HIGH COURT OF KERALA
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(1.) No error of law. The courts below have found that for as long as living memory extends the plaintiffs and the other people of the locality have been using as of right, the pathway PQRSTABCDEF in the Commissioner's plan Ext. C1, connecting the public road on the north east with the big block of paddy land known as Narikkandi Vayal on the south for reaching their houses and the lands they cultivate although the pathway runs through private lands (parambas). Only the defendants through whose land (the northern portion of S. No. 160/8) the disputed portion of the pathway, namely, ABCDE runs have thought fit to object. This finding is amply supported by the evidence rigidly excluding those portions of it which are strictly speaking, inadmissible. Admittedly a well defined lane with high embankments or walls on either side separating it from the parambas through which it runs exists all along PQRSTA and also along EF and, even in the disputed portion in between, namely, ABCDE, the Commissioner found that there must have been such a lane which had been recently filled up and closed by the defendants. And it is clear that the pathway in question is the only practicable way by which the persons of the locality cultivating Narikkundi Vayal and other lands to the south west can reach those lands from their houses to the north and north east. The finding of user as of right from time immemorial is obviously correct and the plaintiffs' suit for restoration of the obstructed portion ABCDE was rightly decreed. It is true that the plaint misdescribed the right it sought to enforce as an easementary public right of way and that the first court in decreeing the suit fell into the same error as if there could be an easementary right in gross. The lower appellate court gave the right its proper label in calling it a customary right. The defendants were in no way prejudiced by the wrong label given by the plaint, for, the averments in the plaint of user as of right without let or hindrance, from time immemorial by the people of the locality clearly pointed to a customary not an easementary right and the issue joined as issue 4. "Whether there existed a public pathway along ABCDE in the sketch plan attached to the plaint" clearly covered such a claim. And there can be no doubt that all the ingredients of a valid customary right namely, antiquity, continuity, invariability, certainty and reasonableness are here satisfied.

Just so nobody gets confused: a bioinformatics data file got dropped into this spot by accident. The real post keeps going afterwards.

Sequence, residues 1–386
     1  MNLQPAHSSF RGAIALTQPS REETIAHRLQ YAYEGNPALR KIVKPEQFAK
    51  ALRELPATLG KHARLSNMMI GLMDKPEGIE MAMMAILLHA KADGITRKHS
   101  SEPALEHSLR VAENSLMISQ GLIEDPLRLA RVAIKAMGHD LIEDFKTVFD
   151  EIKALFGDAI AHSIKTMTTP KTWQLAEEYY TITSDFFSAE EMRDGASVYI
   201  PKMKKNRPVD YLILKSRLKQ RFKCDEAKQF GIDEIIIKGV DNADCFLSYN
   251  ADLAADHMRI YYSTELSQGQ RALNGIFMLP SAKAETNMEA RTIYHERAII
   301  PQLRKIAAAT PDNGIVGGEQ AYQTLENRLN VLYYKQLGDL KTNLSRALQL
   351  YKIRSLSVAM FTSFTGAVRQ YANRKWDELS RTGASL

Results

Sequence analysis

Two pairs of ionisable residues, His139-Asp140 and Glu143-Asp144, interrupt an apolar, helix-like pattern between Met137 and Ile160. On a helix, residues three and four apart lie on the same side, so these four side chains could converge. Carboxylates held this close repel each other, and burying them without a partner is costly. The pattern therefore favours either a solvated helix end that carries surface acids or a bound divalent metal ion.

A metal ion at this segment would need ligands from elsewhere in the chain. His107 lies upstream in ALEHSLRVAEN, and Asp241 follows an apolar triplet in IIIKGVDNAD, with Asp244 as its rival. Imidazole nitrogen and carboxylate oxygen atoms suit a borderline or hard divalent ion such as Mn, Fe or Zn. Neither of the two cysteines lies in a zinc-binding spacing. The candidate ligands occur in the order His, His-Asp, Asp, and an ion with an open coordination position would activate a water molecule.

(2.) The objection that the suit must fail because it has not been brought in accordance with S.91 of the Civil Procedure Code and no special damage has been alleged or proved seems to me untenable. There is some controversy whether the rule recognised by the preponderance of judicial authority, and, it seems to me clearly implied be S.91 of the Code, that, where there is no special damage, a suit in respect of the obstruction of a public highway can be brought only in accordance with the abovesaid section is well founded or not. But it is well settled since Chuni Lal v. Rum Kishen Sabu (ILR XV Calcutta 460) that what are called village pathways like the one now in question, based on a customary right vested in the people of the locality, are not public highways within the meaning of that rule.
(3.) It is said that even a customary pathway, which the public of the locality have a right to use, vests in the panchayat concerned under the Madras Village Panchayats Act and its successor statute, the Kerala Panchayats Act. Assuming that to be so, I do not see how it follows that this vests the right to sue in respect of such a pathway exclusively in the panchayat so as to deprive the citizen of the right of suit which he otherwise possesses.;
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